Chernobyl contaminating cow milk 30 years after nuclear meltdown - study
Published time: 9 Jun, 2018 17:55
Edited time: 10 Jun, 2018 08:41
Cooling towers stand at the Chernobyl nuclear power plant. © Getty Images
More than 30 years after its catastrophic meltdown, the Chernobyl nuclear power plant is being blamed for high radiation levels discovered in local cow’s milk.
Sampling milk from private farms in the Ukraine’s Rivne region, scientists from Exeter University and the National University of Life and Environmental Sciences made a startling find - radioactive material from more than three decades ago has leached into the livestock.
The lingering nuclear fallout from 1986 means farmers are unwittingly producing milk with radioactive caesium levels above the Ukraine safety standard of 100 becquerel per litre. The becquerel is a unit of radioactivity, with the new report documenting how some farms had milk with a radioactivity concentration of around 500 becquerel per litre.
One of the researchers, Dr Iryna Labunska, of the University of Exeter, believes the issue warrants government intervention. She said that while soil contamination in the Rivne region is not particularly high, the milk study shows how nuclear accidents have a long lasting legacy.
“More than 30 years after the Chernobyl disaster, people are still routinely exposed to radioactive caesium when consuming locally produced staple foods, including milk, in Chernobyl-affected areas of Ukraine,” said Dr Labunska, of Greenpeace Research Laboratories at the University of Exeter.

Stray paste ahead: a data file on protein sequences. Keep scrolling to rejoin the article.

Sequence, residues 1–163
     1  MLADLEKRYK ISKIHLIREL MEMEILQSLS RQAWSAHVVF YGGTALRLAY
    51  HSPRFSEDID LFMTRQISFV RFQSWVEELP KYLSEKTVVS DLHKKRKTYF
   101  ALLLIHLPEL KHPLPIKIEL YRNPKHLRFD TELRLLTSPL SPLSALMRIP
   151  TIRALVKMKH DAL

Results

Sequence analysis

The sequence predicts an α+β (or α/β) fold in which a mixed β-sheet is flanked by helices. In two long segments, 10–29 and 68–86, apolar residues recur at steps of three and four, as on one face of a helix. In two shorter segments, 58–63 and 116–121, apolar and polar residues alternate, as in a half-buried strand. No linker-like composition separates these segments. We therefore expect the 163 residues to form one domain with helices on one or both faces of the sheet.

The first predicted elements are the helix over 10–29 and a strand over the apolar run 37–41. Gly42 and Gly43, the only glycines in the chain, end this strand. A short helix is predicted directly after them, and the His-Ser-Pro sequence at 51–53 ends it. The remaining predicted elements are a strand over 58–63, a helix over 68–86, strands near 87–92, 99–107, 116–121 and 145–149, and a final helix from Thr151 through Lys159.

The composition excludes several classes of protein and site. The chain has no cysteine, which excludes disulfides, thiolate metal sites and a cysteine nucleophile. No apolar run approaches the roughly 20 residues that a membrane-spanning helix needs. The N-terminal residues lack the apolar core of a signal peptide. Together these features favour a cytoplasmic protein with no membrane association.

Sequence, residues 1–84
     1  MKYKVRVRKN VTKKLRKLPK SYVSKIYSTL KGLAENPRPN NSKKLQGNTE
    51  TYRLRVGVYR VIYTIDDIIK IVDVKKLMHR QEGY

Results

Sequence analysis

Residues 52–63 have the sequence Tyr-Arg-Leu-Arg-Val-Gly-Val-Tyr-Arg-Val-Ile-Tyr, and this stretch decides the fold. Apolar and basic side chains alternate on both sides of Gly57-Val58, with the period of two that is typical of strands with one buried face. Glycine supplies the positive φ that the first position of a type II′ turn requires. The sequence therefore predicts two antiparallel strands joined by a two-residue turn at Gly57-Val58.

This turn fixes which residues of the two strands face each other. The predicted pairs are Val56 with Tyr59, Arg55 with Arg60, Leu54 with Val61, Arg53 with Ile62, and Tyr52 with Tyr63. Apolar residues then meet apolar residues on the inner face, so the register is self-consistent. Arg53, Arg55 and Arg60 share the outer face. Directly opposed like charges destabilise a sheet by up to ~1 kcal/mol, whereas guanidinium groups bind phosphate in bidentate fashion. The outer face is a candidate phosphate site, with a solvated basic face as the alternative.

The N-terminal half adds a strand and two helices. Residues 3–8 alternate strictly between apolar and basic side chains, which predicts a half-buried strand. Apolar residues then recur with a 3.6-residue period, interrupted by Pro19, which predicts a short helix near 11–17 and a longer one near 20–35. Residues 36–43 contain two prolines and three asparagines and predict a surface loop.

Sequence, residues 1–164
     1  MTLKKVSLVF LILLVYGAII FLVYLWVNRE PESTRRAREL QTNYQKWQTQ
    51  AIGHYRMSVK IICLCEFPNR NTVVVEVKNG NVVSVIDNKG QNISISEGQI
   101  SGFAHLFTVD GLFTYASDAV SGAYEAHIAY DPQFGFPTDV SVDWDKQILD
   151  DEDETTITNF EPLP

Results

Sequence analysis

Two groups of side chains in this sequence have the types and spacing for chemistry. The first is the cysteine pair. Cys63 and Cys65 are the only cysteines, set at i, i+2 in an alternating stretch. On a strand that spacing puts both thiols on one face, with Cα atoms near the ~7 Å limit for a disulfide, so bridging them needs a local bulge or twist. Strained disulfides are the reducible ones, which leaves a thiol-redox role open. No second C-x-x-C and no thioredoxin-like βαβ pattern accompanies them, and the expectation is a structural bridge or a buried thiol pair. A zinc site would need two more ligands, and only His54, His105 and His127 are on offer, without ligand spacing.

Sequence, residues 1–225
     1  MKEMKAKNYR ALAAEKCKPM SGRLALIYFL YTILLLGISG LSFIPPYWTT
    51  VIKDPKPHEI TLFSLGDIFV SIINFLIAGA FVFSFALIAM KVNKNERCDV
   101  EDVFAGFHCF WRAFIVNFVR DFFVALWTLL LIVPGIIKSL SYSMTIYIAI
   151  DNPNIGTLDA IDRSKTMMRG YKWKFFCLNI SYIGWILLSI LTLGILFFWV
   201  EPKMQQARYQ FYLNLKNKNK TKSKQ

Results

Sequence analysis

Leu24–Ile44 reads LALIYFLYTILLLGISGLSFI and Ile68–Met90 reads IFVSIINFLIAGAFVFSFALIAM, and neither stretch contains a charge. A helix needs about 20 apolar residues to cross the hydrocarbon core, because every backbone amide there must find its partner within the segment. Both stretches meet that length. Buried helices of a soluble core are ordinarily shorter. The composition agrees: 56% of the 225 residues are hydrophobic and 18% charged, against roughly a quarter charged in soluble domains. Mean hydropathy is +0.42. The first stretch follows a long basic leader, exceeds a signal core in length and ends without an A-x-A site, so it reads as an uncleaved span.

On April 25, 1986, the reactor core at Chernobyl nuclear power plant near the now desolate town of Pripyat went into meltdown. Considered to be one of the worst nuclear accidents in history, Chernobyl’s radioactive exposure could end up claiming the lives of up to 4,000 people through various diseases, according to the World Health Organisation.
The area surrounding the former power plant is not expected to be habitable again from another 150 to 300 years.
“Many people in the area we studied keep cows for milk, and children are the main consumers of that milk. Government and international monitoring needs to take place, along with help for people affected by this radiation,” Dr Labunska added.
“Without adequate countermeasures, what may now seem a purely historical event will remain a daily reality for those communities impacted.”